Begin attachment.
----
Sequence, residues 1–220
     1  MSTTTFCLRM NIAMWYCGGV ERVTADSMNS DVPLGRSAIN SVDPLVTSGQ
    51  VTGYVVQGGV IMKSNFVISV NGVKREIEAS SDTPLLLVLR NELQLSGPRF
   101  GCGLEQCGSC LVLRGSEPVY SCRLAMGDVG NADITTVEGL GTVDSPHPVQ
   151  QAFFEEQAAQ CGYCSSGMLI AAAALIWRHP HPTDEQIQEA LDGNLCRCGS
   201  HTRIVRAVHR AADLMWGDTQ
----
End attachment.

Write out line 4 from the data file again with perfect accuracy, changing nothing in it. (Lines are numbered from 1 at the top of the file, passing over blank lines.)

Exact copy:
   101  GCGLEQCGSC LVLRGSEPVY SCRLAMGDVG NADITTVEGL GTVDSPHPVQ